The Minibat was available as fast-build kits for the homebuilder, assembly was said to require only 5 - 10 days using moulded parts. A powered version was planned, using a 3 hp chain saw sustainer engine mounted behind the cockpit and driving a pusher propeller mounted in a slot between the fin and rudder. The Minibat was not a self-launching design but the engine was intended, after launch by auto-tow, winch or bungee, to provide a positive rate of climb.
By January 1982, four Minibats had already had accidents during take-off. It was concluded that this machine should not be made available to just anybody, as it was initially expected. It seems that the airfoil was the major cause for the bad handling characteristics. But yet the Minibat was a very interesting concept of a very light and efficient "minimum" glider. Approximately 55 kits were sold, some twenty were completed, almost all without an engine.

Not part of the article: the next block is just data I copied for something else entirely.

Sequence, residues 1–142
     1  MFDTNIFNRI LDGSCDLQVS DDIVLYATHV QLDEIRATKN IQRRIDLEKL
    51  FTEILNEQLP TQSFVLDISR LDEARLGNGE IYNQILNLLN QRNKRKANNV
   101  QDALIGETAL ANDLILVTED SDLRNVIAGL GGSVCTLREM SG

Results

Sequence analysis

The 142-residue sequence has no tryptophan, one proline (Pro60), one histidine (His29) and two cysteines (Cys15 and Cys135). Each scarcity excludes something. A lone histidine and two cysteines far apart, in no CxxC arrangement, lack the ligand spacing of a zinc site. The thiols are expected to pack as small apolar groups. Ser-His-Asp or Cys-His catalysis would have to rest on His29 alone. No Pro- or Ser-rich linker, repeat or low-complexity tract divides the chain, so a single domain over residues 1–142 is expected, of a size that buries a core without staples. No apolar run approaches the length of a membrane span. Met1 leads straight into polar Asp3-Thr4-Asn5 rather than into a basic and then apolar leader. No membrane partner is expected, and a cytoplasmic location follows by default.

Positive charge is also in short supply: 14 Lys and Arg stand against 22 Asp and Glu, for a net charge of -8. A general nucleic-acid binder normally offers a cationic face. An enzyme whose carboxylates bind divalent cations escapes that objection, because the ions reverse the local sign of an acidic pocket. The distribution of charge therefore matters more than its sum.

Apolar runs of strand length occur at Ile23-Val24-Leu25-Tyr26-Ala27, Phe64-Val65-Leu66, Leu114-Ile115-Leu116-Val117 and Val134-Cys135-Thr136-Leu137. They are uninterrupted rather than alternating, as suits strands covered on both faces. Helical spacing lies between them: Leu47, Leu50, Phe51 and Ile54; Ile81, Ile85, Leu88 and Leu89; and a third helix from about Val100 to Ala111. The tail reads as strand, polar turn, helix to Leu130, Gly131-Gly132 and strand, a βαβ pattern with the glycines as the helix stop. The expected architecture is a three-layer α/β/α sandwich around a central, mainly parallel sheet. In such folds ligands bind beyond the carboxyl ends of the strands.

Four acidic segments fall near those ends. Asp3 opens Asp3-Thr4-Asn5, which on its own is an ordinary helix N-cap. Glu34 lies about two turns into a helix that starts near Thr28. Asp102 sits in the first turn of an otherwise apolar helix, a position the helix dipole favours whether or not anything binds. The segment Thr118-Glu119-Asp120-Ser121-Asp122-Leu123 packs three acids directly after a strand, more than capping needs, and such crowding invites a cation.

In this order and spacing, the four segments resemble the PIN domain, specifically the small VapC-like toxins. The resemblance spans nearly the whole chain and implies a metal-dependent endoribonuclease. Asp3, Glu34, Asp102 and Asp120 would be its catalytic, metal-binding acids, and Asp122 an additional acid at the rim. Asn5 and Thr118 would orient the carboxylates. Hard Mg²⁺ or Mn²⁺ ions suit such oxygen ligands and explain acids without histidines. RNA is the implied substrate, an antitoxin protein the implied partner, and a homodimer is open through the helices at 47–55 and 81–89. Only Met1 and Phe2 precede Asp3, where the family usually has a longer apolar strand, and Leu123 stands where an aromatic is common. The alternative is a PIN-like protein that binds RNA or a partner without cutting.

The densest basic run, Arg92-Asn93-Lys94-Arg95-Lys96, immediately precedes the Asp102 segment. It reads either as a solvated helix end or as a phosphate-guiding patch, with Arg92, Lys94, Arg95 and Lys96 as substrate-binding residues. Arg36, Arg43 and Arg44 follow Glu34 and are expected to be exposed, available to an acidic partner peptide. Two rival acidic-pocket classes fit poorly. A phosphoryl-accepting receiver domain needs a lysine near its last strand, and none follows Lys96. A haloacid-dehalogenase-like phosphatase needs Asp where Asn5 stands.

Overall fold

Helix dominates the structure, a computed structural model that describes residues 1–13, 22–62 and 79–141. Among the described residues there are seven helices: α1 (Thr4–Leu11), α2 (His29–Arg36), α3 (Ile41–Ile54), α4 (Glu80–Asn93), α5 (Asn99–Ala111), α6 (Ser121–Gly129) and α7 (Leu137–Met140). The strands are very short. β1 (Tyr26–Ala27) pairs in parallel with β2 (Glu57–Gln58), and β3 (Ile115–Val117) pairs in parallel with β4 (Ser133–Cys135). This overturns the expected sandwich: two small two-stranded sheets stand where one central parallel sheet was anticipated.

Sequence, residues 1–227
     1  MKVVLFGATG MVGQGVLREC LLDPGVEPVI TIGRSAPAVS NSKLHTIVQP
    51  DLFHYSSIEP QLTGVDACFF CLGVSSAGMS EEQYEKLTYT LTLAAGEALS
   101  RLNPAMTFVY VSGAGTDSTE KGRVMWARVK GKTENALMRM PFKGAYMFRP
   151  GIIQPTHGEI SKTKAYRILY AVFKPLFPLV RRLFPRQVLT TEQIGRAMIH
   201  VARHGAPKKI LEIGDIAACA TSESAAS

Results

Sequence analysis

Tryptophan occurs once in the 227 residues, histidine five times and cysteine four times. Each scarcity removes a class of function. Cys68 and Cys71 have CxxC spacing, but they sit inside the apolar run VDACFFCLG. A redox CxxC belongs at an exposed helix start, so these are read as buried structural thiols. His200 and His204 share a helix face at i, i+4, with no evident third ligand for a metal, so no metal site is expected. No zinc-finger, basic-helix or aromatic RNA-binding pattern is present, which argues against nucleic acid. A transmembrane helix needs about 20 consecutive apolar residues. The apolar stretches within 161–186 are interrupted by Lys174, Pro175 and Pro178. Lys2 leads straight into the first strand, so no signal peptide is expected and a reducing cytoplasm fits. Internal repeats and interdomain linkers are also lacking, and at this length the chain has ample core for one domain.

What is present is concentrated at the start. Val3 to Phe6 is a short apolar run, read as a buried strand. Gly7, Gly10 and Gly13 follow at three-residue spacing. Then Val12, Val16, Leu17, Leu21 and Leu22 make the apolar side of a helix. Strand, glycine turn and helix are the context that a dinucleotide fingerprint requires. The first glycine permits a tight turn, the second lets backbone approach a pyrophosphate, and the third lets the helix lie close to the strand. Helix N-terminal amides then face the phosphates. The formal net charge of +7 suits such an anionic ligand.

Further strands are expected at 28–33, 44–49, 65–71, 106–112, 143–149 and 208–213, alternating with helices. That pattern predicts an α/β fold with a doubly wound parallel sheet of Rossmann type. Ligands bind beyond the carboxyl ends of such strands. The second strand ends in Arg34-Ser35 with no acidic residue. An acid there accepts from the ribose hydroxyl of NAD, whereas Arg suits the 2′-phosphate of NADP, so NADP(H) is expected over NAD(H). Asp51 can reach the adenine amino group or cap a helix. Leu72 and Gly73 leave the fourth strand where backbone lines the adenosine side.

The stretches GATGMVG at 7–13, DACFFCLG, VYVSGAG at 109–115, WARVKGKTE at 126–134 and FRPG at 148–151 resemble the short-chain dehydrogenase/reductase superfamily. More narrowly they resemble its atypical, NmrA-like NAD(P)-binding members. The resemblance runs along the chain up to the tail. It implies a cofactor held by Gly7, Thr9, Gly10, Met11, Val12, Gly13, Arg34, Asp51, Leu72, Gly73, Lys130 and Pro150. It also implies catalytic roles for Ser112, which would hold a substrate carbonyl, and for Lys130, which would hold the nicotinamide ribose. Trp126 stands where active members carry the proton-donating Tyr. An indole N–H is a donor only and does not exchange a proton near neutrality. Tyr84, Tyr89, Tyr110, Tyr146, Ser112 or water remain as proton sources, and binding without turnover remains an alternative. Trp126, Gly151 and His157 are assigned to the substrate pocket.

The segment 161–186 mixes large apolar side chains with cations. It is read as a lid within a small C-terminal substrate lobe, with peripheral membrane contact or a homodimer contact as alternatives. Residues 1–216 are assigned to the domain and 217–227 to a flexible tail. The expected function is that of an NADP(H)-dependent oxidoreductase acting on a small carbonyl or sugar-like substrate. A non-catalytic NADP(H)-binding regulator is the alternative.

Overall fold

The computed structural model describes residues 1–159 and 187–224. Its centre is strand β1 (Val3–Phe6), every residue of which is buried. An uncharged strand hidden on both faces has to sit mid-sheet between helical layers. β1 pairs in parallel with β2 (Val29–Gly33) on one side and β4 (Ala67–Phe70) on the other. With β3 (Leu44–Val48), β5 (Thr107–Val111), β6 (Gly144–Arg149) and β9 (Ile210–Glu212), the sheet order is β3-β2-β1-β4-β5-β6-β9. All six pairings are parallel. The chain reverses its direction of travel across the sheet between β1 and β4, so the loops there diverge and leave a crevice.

Span: 25 ft 0 in (7.62 m)
Wing aspect ratio: 9.6
Length: 9 ft 3.8 in (2.84 m)
Height: 5 ft 0 in (1.52 m)
Wing area: 65 sq.ft (6.04 sq.m)
Empty weight: 105 lb (47.6 kg)
Max takeoff weight: 325 lb (147.4 kg)
Glide ratio: 23:1
Lowest sink rate: 3 ft (0.91 m)/sec
Max speed: 126 mph (202 kmh)
Stall speed: 35 mph (56.4 kmh)